Document Type



Doctor of Philosophy


Industrial Engineering

First Adviser

Curtis, Frank E.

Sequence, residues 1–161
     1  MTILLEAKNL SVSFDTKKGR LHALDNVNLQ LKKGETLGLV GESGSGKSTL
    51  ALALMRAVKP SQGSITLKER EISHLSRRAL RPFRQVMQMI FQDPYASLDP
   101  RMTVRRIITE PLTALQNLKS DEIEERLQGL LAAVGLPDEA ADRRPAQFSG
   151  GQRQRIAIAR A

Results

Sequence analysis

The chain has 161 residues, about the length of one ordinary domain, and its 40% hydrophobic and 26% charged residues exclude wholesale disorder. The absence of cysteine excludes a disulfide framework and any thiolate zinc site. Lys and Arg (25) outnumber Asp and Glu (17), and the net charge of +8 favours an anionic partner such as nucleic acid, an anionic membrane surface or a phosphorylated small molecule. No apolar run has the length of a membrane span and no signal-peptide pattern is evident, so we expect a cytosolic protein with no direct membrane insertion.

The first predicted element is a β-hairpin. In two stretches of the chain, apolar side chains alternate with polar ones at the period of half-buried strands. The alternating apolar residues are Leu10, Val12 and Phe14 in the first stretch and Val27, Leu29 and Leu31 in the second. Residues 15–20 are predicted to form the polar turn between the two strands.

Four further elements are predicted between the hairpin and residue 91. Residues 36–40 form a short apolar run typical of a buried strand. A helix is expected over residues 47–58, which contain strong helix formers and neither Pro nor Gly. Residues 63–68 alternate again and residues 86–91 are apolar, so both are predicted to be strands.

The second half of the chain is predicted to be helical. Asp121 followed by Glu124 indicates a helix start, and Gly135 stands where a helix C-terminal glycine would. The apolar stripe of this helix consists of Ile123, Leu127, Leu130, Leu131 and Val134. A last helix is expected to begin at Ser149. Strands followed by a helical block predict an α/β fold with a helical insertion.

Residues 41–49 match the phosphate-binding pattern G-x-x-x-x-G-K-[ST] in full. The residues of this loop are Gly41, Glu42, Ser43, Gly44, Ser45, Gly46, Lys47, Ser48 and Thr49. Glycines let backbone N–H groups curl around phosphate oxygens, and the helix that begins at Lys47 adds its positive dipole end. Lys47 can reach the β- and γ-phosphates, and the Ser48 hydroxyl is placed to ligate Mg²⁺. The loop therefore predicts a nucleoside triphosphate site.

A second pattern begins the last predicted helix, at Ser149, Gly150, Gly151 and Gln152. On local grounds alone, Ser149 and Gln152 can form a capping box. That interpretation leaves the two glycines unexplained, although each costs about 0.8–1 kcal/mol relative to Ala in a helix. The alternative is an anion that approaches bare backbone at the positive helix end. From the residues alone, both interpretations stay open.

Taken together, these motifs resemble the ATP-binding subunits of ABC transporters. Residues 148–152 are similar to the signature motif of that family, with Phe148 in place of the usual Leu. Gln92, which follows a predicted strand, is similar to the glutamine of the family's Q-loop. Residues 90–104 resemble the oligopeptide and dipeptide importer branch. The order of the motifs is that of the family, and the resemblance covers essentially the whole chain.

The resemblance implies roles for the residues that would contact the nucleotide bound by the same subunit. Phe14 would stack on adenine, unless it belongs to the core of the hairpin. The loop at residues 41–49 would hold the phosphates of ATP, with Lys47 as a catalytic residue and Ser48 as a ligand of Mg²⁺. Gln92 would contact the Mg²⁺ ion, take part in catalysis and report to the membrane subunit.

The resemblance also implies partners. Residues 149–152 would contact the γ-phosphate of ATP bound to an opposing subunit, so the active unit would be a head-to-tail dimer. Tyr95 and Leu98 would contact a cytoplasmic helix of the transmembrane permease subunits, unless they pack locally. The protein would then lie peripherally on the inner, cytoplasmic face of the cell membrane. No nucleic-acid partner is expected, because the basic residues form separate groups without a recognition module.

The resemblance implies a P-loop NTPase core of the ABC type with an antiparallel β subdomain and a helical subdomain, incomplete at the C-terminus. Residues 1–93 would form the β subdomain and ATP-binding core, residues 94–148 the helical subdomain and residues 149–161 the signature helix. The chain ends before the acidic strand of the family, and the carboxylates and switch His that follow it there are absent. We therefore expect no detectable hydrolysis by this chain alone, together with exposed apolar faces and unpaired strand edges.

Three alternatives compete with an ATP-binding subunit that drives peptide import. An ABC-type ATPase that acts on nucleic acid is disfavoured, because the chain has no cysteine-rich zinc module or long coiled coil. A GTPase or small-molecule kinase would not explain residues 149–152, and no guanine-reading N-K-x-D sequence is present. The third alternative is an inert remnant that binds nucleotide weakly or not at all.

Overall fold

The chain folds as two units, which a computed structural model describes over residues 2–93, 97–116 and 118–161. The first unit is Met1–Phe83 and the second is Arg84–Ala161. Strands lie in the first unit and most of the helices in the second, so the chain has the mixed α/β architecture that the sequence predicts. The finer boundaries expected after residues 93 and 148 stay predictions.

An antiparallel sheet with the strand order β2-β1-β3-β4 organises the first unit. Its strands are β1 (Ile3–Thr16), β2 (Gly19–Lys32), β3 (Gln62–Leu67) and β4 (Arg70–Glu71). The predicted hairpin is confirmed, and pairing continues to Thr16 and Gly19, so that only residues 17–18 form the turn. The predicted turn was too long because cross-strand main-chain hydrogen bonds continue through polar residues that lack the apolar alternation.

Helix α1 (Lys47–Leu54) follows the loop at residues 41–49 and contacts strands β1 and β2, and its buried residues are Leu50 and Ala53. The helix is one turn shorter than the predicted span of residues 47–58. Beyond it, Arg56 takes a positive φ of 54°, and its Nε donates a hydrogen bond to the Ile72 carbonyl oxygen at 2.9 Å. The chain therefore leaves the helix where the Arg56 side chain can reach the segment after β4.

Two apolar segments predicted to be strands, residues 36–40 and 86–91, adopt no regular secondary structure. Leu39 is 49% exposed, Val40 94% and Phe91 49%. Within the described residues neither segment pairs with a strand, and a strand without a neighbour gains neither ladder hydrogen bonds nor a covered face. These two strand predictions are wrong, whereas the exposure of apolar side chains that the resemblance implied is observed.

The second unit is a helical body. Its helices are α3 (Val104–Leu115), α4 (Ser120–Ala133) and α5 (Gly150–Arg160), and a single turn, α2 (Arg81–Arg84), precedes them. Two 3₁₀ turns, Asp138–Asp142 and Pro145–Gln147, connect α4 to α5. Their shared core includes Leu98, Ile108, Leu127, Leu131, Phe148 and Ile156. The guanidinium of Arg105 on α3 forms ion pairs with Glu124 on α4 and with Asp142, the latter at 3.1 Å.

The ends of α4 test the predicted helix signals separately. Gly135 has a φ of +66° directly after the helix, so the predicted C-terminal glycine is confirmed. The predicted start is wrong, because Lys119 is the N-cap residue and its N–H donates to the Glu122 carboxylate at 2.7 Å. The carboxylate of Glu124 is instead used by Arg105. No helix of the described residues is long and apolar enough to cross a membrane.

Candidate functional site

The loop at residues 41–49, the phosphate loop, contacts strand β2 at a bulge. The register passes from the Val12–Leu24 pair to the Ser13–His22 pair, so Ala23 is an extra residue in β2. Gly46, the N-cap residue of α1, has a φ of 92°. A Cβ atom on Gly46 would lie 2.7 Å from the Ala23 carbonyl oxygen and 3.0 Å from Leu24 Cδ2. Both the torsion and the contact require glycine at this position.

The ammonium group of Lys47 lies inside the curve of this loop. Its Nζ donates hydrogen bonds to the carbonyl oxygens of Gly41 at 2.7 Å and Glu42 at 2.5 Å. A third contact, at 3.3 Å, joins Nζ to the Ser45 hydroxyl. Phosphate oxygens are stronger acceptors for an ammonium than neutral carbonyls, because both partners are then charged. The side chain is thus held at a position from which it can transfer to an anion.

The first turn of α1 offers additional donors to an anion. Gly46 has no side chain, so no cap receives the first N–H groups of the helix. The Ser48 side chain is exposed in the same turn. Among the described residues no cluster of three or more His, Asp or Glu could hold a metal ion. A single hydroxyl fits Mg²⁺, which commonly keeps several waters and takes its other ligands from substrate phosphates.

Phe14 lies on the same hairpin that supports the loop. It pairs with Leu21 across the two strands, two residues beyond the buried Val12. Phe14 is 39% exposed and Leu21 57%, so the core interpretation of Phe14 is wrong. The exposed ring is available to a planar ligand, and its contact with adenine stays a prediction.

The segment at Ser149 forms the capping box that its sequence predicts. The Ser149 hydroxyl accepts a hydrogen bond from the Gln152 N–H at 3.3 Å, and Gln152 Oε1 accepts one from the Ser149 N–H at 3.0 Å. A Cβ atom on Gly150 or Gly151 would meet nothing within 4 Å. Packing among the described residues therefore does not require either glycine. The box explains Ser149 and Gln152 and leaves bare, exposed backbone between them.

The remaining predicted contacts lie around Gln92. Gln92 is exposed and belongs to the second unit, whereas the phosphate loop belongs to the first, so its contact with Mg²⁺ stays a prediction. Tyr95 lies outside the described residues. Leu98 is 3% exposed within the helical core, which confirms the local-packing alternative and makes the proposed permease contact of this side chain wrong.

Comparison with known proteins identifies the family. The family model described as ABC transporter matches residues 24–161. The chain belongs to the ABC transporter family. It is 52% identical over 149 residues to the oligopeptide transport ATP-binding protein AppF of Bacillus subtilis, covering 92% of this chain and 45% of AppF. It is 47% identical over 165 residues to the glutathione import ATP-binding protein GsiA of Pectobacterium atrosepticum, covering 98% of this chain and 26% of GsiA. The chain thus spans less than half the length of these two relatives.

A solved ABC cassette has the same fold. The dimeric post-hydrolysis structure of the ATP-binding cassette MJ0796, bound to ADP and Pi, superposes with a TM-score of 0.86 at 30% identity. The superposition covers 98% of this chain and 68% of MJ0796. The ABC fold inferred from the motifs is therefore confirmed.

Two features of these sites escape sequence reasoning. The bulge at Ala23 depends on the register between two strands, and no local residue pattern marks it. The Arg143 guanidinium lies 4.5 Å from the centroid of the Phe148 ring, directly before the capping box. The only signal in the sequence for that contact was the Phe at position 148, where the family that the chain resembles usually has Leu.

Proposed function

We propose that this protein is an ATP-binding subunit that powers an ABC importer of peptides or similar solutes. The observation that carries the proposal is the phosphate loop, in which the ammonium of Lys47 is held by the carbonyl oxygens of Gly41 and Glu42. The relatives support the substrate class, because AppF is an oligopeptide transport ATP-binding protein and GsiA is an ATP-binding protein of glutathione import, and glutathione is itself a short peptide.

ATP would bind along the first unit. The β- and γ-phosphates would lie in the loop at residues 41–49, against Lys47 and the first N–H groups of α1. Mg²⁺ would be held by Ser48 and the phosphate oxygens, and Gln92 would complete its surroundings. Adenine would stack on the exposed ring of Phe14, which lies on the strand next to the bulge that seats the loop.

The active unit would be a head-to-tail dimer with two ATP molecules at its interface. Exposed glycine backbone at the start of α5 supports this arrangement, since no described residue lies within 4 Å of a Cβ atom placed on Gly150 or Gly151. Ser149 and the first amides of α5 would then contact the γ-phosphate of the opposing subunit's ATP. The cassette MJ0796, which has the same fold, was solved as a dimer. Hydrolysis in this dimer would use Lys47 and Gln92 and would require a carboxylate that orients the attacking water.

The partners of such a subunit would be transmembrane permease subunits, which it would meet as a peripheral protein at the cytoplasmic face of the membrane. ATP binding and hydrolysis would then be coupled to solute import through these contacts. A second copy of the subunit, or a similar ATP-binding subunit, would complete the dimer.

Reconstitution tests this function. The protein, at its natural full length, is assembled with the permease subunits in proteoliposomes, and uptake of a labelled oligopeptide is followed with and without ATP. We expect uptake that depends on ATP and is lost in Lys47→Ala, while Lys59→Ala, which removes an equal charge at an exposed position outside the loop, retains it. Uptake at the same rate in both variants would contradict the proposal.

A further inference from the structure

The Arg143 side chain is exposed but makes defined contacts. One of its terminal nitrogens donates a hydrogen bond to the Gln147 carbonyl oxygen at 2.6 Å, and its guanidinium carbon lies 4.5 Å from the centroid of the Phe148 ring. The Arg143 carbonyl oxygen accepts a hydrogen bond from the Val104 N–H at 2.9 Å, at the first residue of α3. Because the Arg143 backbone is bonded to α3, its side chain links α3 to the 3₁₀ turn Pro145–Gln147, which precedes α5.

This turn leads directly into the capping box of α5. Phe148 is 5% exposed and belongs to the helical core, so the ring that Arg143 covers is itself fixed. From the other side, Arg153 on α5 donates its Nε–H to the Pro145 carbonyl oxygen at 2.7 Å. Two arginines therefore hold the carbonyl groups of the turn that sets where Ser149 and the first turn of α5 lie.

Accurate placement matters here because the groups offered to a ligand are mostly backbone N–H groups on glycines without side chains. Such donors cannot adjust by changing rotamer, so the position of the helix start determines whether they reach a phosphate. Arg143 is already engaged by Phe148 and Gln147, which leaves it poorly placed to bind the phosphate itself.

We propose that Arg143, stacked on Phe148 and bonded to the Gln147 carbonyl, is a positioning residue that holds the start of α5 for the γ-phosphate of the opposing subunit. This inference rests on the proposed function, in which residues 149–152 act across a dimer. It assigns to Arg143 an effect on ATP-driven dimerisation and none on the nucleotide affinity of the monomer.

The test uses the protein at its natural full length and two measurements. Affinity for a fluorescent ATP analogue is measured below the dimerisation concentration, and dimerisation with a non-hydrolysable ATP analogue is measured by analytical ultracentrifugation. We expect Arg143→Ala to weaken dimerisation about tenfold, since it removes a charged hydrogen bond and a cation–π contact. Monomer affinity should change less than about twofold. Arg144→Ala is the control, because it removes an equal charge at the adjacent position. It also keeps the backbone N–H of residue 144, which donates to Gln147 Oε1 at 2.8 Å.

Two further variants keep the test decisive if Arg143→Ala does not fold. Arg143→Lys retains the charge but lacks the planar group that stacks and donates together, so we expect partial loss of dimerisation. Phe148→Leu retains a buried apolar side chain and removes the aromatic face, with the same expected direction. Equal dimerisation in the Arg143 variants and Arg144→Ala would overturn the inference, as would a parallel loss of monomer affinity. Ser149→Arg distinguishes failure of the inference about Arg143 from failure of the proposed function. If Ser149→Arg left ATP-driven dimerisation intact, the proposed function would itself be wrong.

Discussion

Nonsmooth optimization problems arise in a variety of applications including robust control, robust optimization, eigenvalue optimization, compressed sensing, and decomposition methods for large-scale or complex optimization problems. When convexity is present, such problems are relatively easier to solve. Optimization methods for convex nonsmooth optimization have been studied for decades. For example, bundle methods are a leading technique for convex nonsmooth minimization. However, these and other methods that have been developed for solving convex problems are either inapplicable or can be inefficient when applied to solve nonconvex problems. The motivation of the work in this thesis is to design robust and efficient algorithms for solving nonsmooth optimization problems, particularly when nonconvexity is present.First, we propose an adaptive gradient sampling (AGS) algorithm, which is based on a recently developed technique known as the gradient sampling (GS) algorithm. Our AGS algorithm improves the computational efficiency of GS in critical ways. Then, we propose a BFGS gradient sampling (BFGS-GS) algorithm, which is a hybrid between a standard Broyden-Fletcher-Goldfarb-Shanno (BFGS) and the GS method. Our BFGS-GS algorithm is more efficient than our previously proposed AGS algorithm and also competitive with (and in some ways outperforms) other contemporary solvers for nonsmooth nonconvex optimization. Finally, we propose a few additional extensions of the GS framework---one in which we merge GS ideas with those from bundle methods, one in which we incorporate smoothing techniques in order to minimize potentially non-Lipschitz objective functions, and one in which we tailor GS methods for solving regularization problems. We describe all the proposed algorithms in detail. In addition, for all the algorithm variants, we prove global convergence guarantees under suitable assumptions. Moreover, we perform numerical experiments to illustrate the efficiency of our algorithms. The test problems considered in our experiments include academic test problems as well as practical problems that arise in applications of nonsmooth optimization.